Wednesday, September 26, 2012

Painted Doll: the magic of the early talkies



The Wedding Of The Painted Doll

It's a holiday today
The Wedding of the Painted Doll
It's a jolly day
The news is spreading
All around the hall

Red Riding Hood & Buster Brown
The Jumping Jack Jumped into town
From far and near they're coming here
Church bells ringing, bringing

All the little dollies from the follies
With the painted cheeks
Little Mama doll has fussed around
For weeks and weeks

Shoo the blues
No time to lose
Rice and shoes
Will spread the news
That it's a holiday
Today's the Wedding of the little Painted Doll




Here come the bridesmaids
Look at them in their places
Look at the fancy laces
Look at them as they smile
All sorrow away

Here comes the bride now
Look at the little cutie
Look at the little beauty
Look at the little doll
It's her wedding day

Here's the preacher and all look
As he takes his little book
He is sure he knows his stuff
'Cause he's done it oft'n enough



Here comes the bride groom
Ready for the service
Just a little nervous
Now the preacher says,
"You're married to stay"

It's a holiday today
The Wedding of the little Painted Doll


Arthur Freed (W) & Nacio Herb Brown (M)
from the 1929 movie, "Broadway Melody"



I finally found a YouTube clip of one of my favorite Hollywood production numbers. It's one of my favorites because it's just about the first Hollywood production number ever, from the 1929 curiosity Broadway Melody. Then of course you know what happened. It was taken down due to one of those silly rules, such as the law against theft.

So I put up the closest thing I could find, which is grainy still pictures, but the music is good.

The days of early sound must have been heady and terrifying: everything was dumped upside-down. Theatres had to scramble to convert all their equipment, careers were shattered, others sprang up full-blown like Athena from the head of Zeus. (Sorry, I used that metaphor a few posts ago, but it was too good not to repeat. This Oscar Levant stuff is getting to me.) It wasn't so much actors with "good voices" who were able to make the switch, but actors who were able to adapt their style to something more fluid, more subtle, with no more fluttering eyelashes or jabbing, full-body gestures.




Try something here, if you will: look at some silent films, both dramas and comedies (and turn off the wretched music that usually goes with them: when I say silent, I mean silent). Then watch some black-and-white movies from ten years later, with the sound off. Observe carefully. It's a whole 'nother ball game, like comparing stage acting to screen acting. The old large gestures won't play. Often, one murmur will do.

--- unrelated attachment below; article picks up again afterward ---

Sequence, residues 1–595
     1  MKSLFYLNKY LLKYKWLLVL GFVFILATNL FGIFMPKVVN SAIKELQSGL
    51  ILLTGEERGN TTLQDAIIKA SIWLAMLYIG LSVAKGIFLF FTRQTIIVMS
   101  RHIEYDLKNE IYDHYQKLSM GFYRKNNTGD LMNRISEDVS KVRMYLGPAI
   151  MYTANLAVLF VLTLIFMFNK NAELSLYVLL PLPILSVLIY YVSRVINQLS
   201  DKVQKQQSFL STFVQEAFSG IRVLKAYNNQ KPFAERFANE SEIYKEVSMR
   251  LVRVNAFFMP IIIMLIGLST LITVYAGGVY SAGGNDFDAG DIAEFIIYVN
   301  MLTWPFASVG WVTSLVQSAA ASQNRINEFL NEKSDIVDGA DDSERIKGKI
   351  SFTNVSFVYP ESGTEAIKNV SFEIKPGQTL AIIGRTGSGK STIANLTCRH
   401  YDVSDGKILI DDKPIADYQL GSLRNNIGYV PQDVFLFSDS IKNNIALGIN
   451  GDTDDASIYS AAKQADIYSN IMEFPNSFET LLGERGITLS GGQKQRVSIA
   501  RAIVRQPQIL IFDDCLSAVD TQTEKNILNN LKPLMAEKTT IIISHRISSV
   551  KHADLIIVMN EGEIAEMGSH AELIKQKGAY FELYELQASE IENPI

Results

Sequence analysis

This doesn't mean sound films are "better", but they do seem to be from another planet. Much as I'm intrigued by them, I find silent pictures hard to follow. I'm one of those auditory types, and seeing lips moving with title cards strains my imagination.  Except for Harold Lloyd comedies, the pace of silent film seems much slower, and I was raised as a vid-kid on television that, by comparison, moved at light speed.

So, with the release of that awful non-talkie The Jazz Singer (featuring Al Jolson, the most repulsive performer who ever lived), everything changed. Garbo walked in and mowed everyone down with a voice that was heavily accented, "foreign", and far too deep and gruff to match her ethereal beauty. Something about it worked, it snagged people, grabbed them viscerally. Comedians such as W. C. Fields and Laurel and Hardy, who already had a loyal following in silent pictures, exploded overnight into international stars: and need I tell you why?




So anyway, this Broadway Melody, which I have watched on Turner Classics (bailing halfway through the first time because the non-musical part of it is just so awful) is a fine example of the partial transformation that audiences gobbled up at the time. It's a sort of cliche of early talkies that everyone had to cluster around a microphone hidden behind a potted palm, but it actually is true that these movies had a peculiarly static quality. Nobody knew how to deal with a microphone, which to the actors (mimes, by our standards) must have seemed like a voice-sucking monster. That explains why they had to include frenetic production numbers like this one, to keep rigor mortis from setting in.




This is the strangest one ever, with girls being spun around like compasses, a preacher with Harold Lloyd glasses and rubber legs who appears to fall down the stairs, cartwheels and splits galore, girls with a pompom attached to one ankle (??), and precious lyrics sung by one of those young men with a falsetto voice. I also note a bit of '20s choreography I've seen before: the girls stand on one foot, the other leg extended, hold on to the extended ankle, and hop up and down.


The whole thing is so beautiful to look at: not "black and white", but silver and shine. The music has that charming, optimistic "oom-cha, oom-cha" quality that was so popular before the Depression brought it all crashing down. Soon would come a leap in sophistication:  better songs, real plots instead of stilted novelty-driven dialogue ("Take. . . him. . . for. . . a. . . ride"), Fred and Ginger. If you look at pictures from 1929, then pictures from 1931, you will be astounded at the transformation.

In the interim was a mad scramble, studded with quirky little sparklers like this one.





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